GSLV-F10 fails to launch earth observation satellite into intended orbit

ISRO says technical anomaly observed in cryogenic stage

Updated - November 22, 2021 09:48 pm IST

Published - August 12, 2021 07:58 am IST - CHENNAI:

Geosynchronous Satellite Launch Vehicle (GSLV-F10), carrying earth observation satellite EOS-03, lifts off from the Satish Dhawan Space Centre in Sriharikota on August 12, 2021.

Geosynchronous Satellite Launch Vehicle (GSLV-F10), carrying earth observation satellite EOS-03, lifts off from the Satish Dhawan Space Centre in Sriharikota on August 12, 2021.

A technical anomaly preventing the ignition of the GSLV-F10 rocket ’s cryogenic upper stage spelt disappointment for Indian Space Research Organisation (ISRO) on Thursday morning, as the national space agency could not accomplish the mission to launch earth observation satellite EOS-03 into the intended orbit.

Though the lift-off at the scheduled time of 5.43 a.m. from the second launch pad in the Satish Dhawan Space Centre at Sriharikota, some 100 km from here, was successful, the anomaly was realised only after a few minutes.

“The performance of the first and second stages was normal. However, cryogenic upper stage ignition did not happen due to a technical anomaly. The mission couldn't be accomplished as intended,” the ISRO said in a statement. It did not elaborate any further.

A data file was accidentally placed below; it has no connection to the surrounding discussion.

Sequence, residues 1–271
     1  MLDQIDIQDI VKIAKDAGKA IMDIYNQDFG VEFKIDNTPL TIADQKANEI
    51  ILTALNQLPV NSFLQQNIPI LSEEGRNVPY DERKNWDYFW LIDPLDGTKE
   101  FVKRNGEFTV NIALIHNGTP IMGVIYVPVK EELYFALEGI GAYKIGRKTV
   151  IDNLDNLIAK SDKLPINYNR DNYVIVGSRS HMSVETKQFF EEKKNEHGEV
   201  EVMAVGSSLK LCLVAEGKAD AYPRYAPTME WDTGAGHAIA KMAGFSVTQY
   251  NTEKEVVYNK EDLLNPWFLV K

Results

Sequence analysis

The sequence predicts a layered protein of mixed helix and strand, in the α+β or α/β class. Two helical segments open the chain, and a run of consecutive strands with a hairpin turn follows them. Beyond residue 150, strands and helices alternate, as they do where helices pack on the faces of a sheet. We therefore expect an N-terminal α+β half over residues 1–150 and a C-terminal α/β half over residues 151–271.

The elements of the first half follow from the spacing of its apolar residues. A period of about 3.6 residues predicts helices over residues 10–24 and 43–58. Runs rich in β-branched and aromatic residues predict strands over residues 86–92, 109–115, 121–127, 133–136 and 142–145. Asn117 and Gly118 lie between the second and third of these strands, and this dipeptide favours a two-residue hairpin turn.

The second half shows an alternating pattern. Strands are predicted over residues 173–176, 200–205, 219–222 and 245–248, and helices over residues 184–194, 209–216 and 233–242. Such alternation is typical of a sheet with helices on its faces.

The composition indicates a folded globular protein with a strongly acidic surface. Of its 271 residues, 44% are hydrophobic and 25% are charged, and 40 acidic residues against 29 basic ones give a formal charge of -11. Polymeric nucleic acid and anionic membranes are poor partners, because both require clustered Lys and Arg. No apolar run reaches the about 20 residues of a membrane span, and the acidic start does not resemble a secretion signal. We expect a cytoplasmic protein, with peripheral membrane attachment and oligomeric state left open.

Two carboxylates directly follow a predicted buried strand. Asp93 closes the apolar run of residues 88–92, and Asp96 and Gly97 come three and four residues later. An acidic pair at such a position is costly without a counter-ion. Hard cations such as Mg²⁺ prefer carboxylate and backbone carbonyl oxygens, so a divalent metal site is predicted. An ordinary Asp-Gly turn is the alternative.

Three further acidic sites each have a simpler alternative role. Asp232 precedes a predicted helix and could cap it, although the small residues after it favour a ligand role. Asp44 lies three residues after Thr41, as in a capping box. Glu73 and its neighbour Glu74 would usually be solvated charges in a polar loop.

EOS-03, intended to be positioned in the geostationary transfer orbit initially, was supposed to reach the final geostationary orbit. It was expected to provide near real-time imaging of a large area of interest at frequent intervals, which could be used for quick monitoring of natural disasters, episodic events and any short-term events. The mission life of the satellite was 10 years.

Soon after the 51.70 metre-tall GSLV-F10’s went up, a live telecast on Doordarshan showed scientists in the Mission Control Centre (MCC) eagerly waiting and hoping for its smooth and successful functioning.

Sense of uncertainty

The launch resembled a routine affair until the rocket’s second stage, some five minutes after the lift-off. A sense of suspicion and uncertainty descended upon the MCC as the graph on the screens showed a slight deviation of the rocket’s path.

A few minutes later, some ISRO officials were seen discussing with ISRO chairman K. Sivan. After a few rounds of discussions, the Range Operations Director announced: “Performance anomaly [was] observed in the cryogenic stage. [The] mission could not be accomplished fully.”

Mr. Sivan too made a formal announcement that the mission could not be accomplished, “mainly because it is a technical anomaly observed in the cryogenic stage.”

GSLV-F10 was ISRO’s eighth flight with indigenous cryo, 14th GSLV flight and 79th launch from Sriharikota. A 4-metre diameter Ogive-shaped payload fairing was flown for the first time in this GSLV flight.

Of the 18 GSLV launches since 2001, (including GSLV Mk-III), this could be considered the fourth unsuccessful mission. According to the ISRO, the three unsuccessful missions of the GSLV were on July 10, 2006, April 15, 2010 and December 25, 2010.

While the first stage of the GSLV is solid fuel, the second is liquid fuel and the third the cryogenic engine.

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